Mostly, the posts I write for this blog I’m happy with. I manage to get down what I want to say in a way that seems engaging. I usually spend a bit of time reviewing a post the next day or so after posting to see what I could have done better or differently.

I’m still thinking about the post I did yesterday, I think it might have some interesting contradictions in it that I’d like to tease out. I also read this post – another about MoaM – that I hadn’t seen.

When I said that museums only come alive with visitors  and then that outside trumps inside I think I might have been contradicting myself. It also occurred to me that Kate McGroarty is a ‘visitor’ and brought life to the museum (well, sort of). But, is it really a contradiction? Perhaps it is more subtle than that.

It is really the knowledge and experiences visitors bring to the museum that make meaning within the museum. I don’t want to get all post-structuralist on you, but I think that people tend to find the most meaning in something they have some context or some touchstone for. Sure, you can go to a museum and learn a whole new thing and be totally blown away by it – and that does happen, but mostly I think people like to find things they recognise or can associate with. We humans like to know more things about the things we already know. Again, there are exceptions.

Christopher Hudgens in that post I linked to above said:

The web, where pages are free to publish is the prefect place to build a trap for the human imagination so it can roll around joyfully in subject mater of individual pertinent interest like a pig in mud and learn, celebrate and know as much about your product as possible. Its not a billboard, its a quilt as I presume Kate McGroarty’s wise mother knows all too well. Woven with history, personality, flaws & perfection. Thats how social media works and without it that is how it fails.

I think this is a spectacular point. Museums should (and some do) build traps with their websites and online presence. Why leave the best bits for those who you get to walk in the door? Perhaps by giving away the best bits online, more will be more inclined to walk through the door; to see ‘in real life’ something they learnt about online. Museums need to be clever about this, of course, but I think it is the best reason I’ve heard so far for online, freely sharable collection databases, online exhibitions and building social media followers. It isn’t really about helping those who can’t get to the museum – it is about making those who can be excited to go.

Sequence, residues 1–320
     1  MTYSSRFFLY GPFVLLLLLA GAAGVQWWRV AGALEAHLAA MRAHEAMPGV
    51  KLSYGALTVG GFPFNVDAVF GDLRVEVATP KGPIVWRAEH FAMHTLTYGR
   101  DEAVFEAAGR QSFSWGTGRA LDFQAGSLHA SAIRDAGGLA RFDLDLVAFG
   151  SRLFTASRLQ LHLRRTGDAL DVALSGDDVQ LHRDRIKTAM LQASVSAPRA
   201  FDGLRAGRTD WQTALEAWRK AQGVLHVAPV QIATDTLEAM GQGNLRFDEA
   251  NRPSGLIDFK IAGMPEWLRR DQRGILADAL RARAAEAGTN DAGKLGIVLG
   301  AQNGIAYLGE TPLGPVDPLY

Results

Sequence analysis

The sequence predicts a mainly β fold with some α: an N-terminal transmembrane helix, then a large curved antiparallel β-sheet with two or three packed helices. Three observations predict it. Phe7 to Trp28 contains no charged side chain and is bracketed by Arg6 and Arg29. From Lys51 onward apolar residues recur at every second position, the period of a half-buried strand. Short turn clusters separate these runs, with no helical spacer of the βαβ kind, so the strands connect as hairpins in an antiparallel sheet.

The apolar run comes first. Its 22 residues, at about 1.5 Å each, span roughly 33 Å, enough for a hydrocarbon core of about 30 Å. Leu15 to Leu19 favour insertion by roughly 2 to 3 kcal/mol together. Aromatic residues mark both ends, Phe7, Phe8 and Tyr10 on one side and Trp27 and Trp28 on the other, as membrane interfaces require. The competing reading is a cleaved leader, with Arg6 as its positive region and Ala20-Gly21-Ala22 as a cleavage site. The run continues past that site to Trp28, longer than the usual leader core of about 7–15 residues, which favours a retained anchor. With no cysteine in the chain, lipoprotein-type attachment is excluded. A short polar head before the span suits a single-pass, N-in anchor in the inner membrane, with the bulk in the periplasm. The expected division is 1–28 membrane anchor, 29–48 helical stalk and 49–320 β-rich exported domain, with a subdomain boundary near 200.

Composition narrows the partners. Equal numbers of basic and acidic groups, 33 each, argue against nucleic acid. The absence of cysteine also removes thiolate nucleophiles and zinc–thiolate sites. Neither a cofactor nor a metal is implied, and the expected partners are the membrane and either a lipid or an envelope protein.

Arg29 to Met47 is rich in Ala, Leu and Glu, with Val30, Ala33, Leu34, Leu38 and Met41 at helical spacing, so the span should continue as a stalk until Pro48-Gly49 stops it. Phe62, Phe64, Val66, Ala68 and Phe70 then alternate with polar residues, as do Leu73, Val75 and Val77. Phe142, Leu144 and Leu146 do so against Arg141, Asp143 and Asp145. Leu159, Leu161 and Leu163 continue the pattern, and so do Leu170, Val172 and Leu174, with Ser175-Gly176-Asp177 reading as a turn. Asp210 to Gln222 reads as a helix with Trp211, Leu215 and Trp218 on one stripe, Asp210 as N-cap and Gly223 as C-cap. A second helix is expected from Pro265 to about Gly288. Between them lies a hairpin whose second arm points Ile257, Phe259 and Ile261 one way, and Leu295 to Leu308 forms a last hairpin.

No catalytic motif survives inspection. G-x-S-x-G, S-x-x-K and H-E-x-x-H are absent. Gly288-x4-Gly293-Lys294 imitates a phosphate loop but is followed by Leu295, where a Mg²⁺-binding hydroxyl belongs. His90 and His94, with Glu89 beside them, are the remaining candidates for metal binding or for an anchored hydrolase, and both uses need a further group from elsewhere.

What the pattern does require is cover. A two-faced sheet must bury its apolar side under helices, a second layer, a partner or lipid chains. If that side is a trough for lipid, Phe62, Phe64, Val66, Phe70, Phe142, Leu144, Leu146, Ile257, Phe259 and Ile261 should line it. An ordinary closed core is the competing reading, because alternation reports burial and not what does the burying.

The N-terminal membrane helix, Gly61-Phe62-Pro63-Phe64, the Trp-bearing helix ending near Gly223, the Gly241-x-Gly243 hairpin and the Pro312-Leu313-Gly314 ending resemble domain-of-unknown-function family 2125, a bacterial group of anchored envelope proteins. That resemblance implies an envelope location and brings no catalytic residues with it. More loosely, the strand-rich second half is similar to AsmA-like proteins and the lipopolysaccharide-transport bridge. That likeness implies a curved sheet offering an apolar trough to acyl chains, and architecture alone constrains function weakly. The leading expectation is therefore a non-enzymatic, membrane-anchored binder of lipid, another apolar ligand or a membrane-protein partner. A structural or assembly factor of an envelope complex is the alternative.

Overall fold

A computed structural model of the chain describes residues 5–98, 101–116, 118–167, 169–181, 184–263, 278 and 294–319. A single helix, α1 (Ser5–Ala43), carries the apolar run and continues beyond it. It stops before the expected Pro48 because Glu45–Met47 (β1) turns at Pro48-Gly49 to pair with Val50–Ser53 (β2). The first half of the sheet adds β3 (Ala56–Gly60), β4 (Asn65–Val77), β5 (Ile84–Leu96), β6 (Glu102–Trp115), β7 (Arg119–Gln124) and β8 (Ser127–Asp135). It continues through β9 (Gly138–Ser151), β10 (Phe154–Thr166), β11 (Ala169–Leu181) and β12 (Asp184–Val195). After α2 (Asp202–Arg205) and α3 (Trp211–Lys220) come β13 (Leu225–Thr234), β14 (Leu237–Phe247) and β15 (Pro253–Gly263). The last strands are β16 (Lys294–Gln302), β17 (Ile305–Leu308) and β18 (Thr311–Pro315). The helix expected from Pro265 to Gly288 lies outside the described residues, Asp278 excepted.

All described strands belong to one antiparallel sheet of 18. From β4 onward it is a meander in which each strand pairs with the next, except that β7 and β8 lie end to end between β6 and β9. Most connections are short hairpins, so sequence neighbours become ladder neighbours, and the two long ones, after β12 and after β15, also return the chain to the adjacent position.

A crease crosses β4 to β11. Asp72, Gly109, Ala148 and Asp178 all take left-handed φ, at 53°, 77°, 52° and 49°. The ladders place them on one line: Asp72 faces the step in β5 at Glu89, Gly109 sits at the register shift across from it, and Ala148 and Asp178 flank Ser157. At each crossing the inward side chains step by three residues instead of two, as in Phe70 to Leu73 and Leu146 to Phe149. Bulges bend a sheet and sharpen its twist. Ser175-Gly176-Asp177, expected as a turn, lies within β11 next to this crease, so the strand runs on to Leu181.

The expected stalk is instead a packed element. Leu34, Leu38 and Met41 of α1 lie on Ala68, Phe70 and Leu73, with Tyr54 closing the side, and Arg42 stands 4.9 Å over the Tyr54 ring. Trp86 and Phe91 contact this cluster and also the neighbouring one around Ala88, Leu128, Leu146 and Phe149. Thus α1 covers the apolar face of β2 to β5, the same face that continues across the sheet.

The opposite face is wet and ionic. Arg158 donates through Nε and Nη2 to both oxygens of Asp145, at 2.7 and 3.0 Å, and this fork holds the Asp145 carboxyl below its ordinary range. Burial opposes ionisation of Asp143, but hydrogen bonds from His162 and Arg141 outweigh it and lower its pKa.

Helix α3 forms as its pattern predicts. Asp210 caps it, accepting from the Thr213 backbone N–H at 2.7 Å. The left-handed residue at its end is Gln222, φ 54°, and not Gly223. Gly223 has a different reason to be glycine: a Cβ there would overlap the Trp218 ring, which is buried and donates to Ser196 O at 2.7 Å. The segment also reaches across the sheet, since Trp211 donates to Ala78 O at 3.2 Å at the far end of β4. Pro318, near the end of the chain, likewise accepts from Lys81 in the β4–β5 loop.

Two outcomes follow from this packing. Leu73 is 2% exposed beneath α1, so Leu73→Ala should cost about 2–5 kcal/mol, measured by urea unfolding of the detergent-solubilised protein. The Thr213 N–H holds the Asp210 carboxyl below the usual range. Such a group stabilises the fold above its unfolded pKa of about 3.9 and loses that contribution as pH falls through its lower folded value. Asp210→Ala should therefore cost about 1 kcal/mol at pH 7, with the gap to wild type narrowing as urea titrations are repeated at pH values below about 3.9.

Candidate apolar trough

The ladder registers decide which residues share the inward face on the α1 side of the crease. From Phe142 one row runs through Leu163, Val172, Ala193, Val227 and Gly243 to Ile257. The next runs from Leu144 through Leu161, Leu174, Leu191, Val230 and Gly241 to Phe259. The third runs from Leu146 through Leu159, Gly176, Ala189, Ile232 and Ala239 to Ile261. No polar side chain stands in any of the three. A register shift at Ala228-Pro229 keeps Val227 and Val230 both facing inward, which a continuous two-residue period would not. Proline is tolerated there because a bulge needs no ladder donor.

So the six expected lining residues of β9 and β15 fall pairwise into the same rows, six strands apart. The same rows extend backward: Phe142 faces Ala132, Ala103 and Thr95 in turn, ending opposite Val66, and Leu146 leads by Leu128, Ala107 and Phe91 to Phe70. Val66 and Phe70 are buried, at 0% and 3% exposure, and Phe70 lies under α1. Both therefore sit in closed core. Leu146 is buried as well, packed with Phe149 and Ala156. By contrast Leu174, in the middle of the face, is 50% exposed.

Kate McGroarty is a perfect example in that she became an exhibit that visitors wanted to see. They went to the museum to look at the thing they saw online. She even said that lots of people wanted to see her inside her cube (back in your display case, exhibit!). Isn’t that weird? We think people want to get inside the display cases – touch and feel – but they really only want to metaphorically get inside there – they want all that other information (augmented-like!) but they want their exhibits to behave like, well, exhibits.

I’m off to Paris and the UK next month(!) and I’ve done so much excited viewing of photos of museums I want to go to. Mostly I’m trying to pick out details from those annoyingly small bits of photos that make up header banners or flash animations. I want to see proper photos! I want to get some insight into what I’m going to see and when I get there I want to see that! And more of course, I know there is always more, but getting contextual information about the museum just makes me more excited about going.

So. Did I contradict myself when I said that outside trumps inside. Sort of. But I still think that it is only when the life outside comes inside a museum that the real fun begins.

One Response to “Contradictions?”
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  1. […] This post was mentioned on Twitter by Teresa Bennett, Jen. Jen said: Contradictions?: follow up post to yesterday's thoughts on month in a museum and museum of life […]

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